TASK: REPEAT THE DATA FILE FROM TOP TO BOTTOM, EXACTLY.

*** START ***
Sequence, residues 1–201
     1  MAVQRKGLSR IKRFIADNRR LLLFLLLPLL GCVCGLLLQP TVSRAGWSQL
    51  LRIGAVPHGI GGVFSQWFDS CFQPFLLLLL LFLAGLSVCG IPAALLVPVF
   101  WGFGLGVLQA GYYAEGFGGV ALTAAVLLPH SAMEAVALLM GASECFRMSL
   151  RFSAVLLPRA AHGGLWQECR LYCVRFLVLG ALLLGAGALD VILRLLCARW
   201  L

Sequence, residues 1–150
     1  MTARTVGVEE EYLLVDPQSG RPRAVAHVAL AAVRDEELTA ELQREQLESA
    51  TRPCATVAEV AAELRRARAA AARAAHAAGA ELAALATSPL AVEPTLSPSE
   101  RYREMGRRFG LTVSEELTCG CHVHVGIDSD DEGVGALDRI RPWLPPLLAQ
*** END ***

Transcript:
Sequence, residues 1–201
     1  MAVQRKGLSR IKRFIADNRR LLLFLLLPLL GCVCGLLLQP TVSRAGWSQL
    51  LRIGAVPHGI GGVFSQWFDS CFQPFLLLLL LFLAGLSVCG IPAALLVPVF
   101  WGFGLGVLQA GYYAEGFGGV ALTAAVLLPH SAMEAVALLM GASECFRMSL
   151  RFSAVLLPRA AHGGLWQECR LYCVRFLVLG ALLLGAGALD VILRLLCARW
   201  L

Sequence, residues 1–150
     1  MTARTVGVEE EYLLVDPQSG RPRAVAHVAL AAVRDEELTA ELQREQLESA
    51  TRPCATVAEV AAELRRARAA AARAAHAAGA ELAALATSPL AVEPTLSPSE
   101  RYREMGRRFG LTVSEELTCG CHVHVGIDSD DEGVGALDRI RPWLPPLLAQ